F. Laguillaumie and D. Vergnaud, “Designated verifier signatures: anonymity and efficient construction from any bilinear map,” in Proceedings of the 4th International Conference of Security in Communication Networks, SCN '04, Revised Selected Papers, pp. 105–119, Amalfi, Italy, September 2004. View at: Publisher Site  Google Scholar
 W. Susilo, F. Zhang, and Y. Mu, “Identitybased strong designated verifier signature schemes,” in Proceedings of the 9th Australasian Conference, Information Security and Privacy, ACISP '04, pp. 313–324, Sydney, Australia, July 2004. View at: Publisher Site  Google Scholar
 X. Huang, W. Susilo, Y. Mu, and F. Zhang, “Short (identitybased) strong designated verifier signature schemes,” in Proceedings of the 2nd International Conference of Information Security Practice and Experience, ISPEC '06, pp. 214–225, Hangzhou, China, April 2006. View at: Publisher Site  Google Scholar
 O. Blazy, E. Conchon, P. Germouty, and A. Jambert, “Efficient idbased designated verifier signature,” in 12th International Conference on Availability, Reliability and Security, pp. 44:1–44:8, Reggio Calabria, Italy, August 2017. View at: Publisher Site  Google Scholar
 G. Noh, J. Y. Chun, and I. R. Jeong, “Identitybased strong designated verifier signature scheme from lattices,” Journal of the Korea Institute of Information Security and Cryptology, vol. 23, no. 1, pp. 45–56, 2013. View at: Publisher Site  Google Scholar
 F. Wang, Y. Hu, and B. Wang, “Latticebased strong designate verifier signature and its applications,” Malaysian Journal of Computer Science, vol. 25, no. 1, pp. 11–22, 2012. View at: Google Scholar
 F. H. Wang, H. U. YuPu, and C. X. Wang, “Identitybased strong designate verifier signature over lattices,” Journal of China Universities of Posts and Telecommunications, vol. 21, no. 6, pp. 52–60, 2014. View at: Google Scholar
 L. G. Bruinderink, A. Hülsing, T. Lange, and Y. Yarom, “Flush, gauss, and reload – a cache attack on the bliss latticebased signature scheme,” in Proceedings of the Cryptographic Hardware and Embedded Systems – CHES '16, B. Gierlichs and A. Y. Poschmann, Eds., pp. 323–345, Springer, Berlin, Germany, 2016. View at: Google Scholar
 P. Pessl, “Analyzing the shuffling sidechannel countermeasure for latticebased signatures,” in Proceedings of the Progress in Cryptology – INDOCRYPT '16, O. Dunkelman and S. K. Sanadhya, Eds., pp. 153–170, Springer International Publishing, Cham, Switzerland, 2016. View at: Google Scholar  MathSciNet
 D. Micciancio and M. Walter, “Gaussian sampling over the integers: efficient, generic, constanttime,” in Proceedings of the 37th Annual International Cryptology Conference  Advances in Cryptology  CRYPTO '17, vol. 10402, pp. 455–485, California, Calif, USA, August 2017. View at: Publisher Site  Google Scholar
 M. Rückert, “Latticebased blind signatures,” in Proceedings of the 16th International Conference on the Theory and Application of Cryptology and Information Security  Advances in Cryptology  ASIACRYPT '10, vol. 6477 of Lecture Notes in Computer Science, pp. 413–430, Singapore, December 2010. View at: Publisher Site  Google Scholar  MathSciNet
 L. Ducas, A. Durmus, T. Lepoint, and V. Lyubashevsky, “Lattice signatures and bimodal gaussians,” in Proceedings of the 33rd Annual Cryptology Conference  Advances in Cryptology  CRYPTO '13, Proceedings, Part I, pp. 40–56, California, Calif, USA, August 2013. View at: Publisher Site  Google Scholar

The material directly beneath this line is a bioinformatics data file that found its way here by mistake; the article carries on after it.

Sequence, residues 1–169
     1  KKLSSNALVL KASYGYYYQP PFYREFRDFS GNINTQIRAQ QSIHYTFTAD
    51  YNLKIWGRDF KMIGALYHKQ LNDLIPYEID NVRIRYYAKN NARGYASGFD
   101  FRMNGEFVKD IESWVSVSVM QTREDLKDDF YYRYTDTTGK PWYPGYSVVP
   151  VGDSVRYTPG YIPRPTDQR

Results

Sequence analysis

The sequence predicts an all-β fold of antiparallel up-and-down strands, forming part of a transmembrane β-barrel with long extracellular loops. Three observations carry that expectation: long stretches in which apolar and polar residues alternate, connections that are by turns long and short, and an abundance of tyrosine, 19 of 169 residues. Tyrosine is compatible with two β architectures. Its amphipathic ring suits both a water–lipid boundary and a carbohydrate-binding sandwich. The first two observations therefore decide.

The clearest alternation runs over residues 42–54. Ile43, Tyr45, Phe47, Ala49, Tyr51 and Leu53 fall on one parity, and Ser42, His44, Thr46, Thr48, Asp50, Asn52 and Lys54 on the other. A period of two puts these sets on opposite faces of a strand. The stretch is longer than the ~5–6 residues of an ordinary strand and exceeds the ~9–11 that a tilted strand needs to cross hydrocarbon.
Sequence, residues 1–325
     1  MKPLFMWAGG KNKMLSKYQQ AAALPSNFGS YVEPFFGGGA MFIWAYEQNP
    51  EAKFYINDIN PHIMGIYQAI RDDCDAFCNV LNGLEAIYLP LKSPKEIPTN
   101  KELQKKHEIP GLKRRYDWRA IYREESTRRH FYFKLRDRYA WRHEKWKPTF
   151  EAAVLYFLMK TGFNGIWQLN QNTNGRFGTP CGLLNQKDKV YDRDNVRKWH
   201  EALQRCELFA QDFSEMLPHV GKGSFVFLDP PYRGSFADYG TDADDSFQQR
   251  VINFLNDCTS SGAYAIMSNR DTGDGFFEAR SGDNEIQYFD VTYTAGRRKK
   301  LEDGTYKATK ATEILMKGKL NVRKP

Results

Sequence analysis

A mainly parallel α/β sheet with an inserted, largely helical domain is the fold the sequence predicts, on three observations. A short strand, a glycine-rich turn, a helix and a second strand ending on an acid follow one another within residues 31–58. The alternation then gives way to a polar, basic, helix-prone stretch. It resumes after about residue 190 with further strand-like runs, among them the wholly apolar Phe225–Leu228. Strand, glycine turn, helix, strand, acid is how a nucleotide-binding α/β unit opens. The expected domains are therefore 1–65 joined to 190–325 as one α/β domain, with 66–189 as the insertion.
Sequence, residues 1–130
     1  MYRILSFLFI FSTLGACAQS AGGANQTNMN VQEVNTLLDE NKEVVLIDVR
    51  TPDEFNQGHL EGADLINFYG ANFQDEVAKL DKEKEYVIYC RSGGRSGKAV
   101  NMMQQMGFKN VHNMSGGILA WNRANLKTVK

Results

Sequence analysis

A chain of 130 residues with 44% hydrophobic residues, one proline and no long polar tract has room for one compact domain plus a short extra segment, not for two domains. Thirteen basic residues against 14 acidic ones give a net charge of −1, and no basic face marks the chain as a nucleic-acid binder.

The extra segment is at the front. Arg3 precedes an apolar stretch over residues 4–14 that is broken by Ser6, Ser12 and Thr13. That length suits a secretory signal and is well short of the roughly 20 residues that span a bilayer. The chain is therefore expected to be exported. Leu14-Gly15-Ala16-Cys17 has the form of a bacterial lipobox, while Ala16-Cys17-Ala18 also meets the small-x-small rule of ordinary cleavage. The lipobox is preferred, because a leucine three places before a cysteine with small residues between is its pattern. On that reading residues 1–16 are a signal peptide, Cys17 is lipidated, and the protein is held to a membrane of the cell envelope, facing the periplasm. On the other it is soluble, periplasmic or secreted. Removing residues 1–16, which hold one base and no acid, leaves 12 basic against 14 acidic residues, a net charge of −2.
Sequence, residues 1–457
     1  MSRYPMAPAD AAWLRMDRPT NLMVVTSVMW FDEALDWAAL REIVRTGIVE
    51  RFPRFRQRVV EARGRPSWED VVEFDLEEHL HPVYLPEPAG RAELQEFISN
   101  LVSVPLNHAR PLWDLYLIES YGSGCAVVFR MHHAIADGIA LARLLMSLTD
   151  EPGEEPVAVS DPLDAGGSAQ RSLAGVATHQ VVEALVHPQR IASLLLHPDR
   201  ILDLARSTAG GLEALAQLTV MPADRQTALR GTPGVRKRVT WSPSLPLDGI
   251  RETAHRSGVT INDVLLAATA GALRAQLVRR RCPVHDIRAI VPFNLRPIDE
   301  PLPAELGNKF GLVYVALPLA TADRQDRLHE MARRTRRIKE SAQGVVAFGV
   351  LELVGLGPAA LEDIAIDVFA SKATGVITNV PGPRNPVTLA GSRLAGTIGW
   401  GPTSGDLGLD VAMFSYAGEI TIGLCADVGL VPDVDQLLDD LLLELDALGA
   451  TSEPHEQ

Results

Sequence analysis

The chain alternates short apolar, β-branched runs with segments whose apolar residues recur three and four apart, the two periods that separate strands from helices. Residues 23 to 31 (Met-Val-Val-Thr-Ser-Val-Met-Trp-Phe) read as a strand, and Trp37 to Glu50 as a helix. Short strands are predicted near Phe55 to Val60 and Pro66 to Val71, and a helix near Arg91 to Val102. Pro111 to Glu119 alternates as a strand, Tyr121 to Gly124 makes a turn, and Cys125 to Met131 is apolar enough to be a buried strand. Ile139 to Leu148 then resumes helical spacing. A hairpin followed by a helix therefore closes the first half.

L. Ducas, T. Lepoint, V. Lyubashevsky et al., “CRYSTALS  dilithium: digital signatures from module lattices,” IACR Cryptology ePrint Archive, 633, 2017, http://eprint.iacr.org/2017/633. View at: Google Scholar
 V. Lyubashevsky, “Lattice signatures without trapdoors,” in Proceedings of the 31st Annual International Conference on the Theory and Applications of Cryptographic Techniques  Advances in Cryptology  EUROCRYPT '12, pp. 738–755, Cambridge, UK, April 2012. View at: Publisher Site  Google Scholar
 V. Lyubashevsky, “Latticebased identification schemes secure under active attacks,” in Proceedings of the 11th International Workshop on Practice and Theory in PublicKey Cryptography  Public Key Cryptography  PKC '08, vol. 4939, pp. 162–179, Barcelona, Spain, March 2008. View at: Publisher Site  Google Scholar
 V. Lyubashevsky, “Fiatshamir with aborts: applications to lattice and factoringbased signatures,” in Proceedings of the 15th International Conference on the Theory and Application of Cryptology and Information Security  Advances in Cryptology  ASIACRYPT '09, vol. 5912, pp. 598–616, Tokyo, Japan, December 2009. View at: Publisher Site  Google Scholar
 E. Alkim, L. Ducas, T. Pöppelmann, and P. Schwabe, “Postquantum key exchange  a new hope,” in Proceedings of the 25th USENIX Security Symposium, USENIX Security '16, pp. 327–343, Texas, Tex, USA, August 2016, https://www.usenix.org/conference/usenixsecurity16/technicalsessions/presentation/alkim. View at: Google Scholar
 J. W. Bos, C. Costello, L. Ducas et al., “Take off the ring! practical, quantumsecure key exchange from LWE,” in Proceedings of the 2016 ACM SIGSAC Conference on Computer and Communications Security, pp. 1006–1018, Vienna, Austria, October 2016. View at: Publisher Site  Google Scholar
 “Advances in Cryptology  CRYPTO 2013,” in Proceedings of the 33rd Annual Cryptology Conference, R. Canetti and J. A. Garay, Eds., vol. 8042 of Proceedings, Part I, Lecture Notes in Computer Science, Springer, California, Calif, USA, August 2013. View at: Publisher Site  Google Scholar
 O. Regev, “On lattices, learning with errors, random linear codes, and cryptography,” in Proceedings of the 37th Annual ACM Symposium on Theory of Computing (STOC '05), pp. 84–93, ACM, Maryland, Md, USA, May 2005. View at: Publisher Site  Google Scholar
 C. Peikert and A. Rosen, “Lattices that admit logarithmic worstcase to averagecase connection factors,” in Proceedings of the 39th Annual ACM Symposium on Theory of Computing, pp. 478–487, ACM, California, Calif, USA, June 2007. View at: Publisher Site  Google Scholar  MathSciNet
 J. Cai, H. Jiang, P. Zhang, Z. Zheng, G. Lyu, and Q. Xu, “An efficient strong designated verifier signature based on Rsis assumption,” IEEE Access, vol. 7, pp. 3938–3947, 2019. View at: Publisher Site  Google Scholar
 J. Hoffstein, J. Pipher, J. M. Schanck, J. H. Silverman, W. Whyte, and Z. Zhang, “Choosing parameters for ntruencrypt,” in Proceedings of the Cryptographers’ Track at the RSA Conference  Topics in Cryptology  CTRSA '17, pp. 3–18, California, Calif, USA, 2017. View at: Publisher Site  Google Scholar
 E. Alkim, N. Bindel, J. A. Buchmann et al., “Revisiting TESLA in the quantum random oracle model,” in Proceedings of the 8th International Workshop  PostQuantum Cryptography, PQCrypto '17, pp. 143–162, The Netherlands, June 2017. View at: Publisher Site  Google Scholar
Copyright
Copyright © 2019 Jie Cai et al. This is an open access article distributed under the Creative Commons Attribution License, which permits unrestricted use, distribution, and reproduction in any medium, provided the original work is properly cited.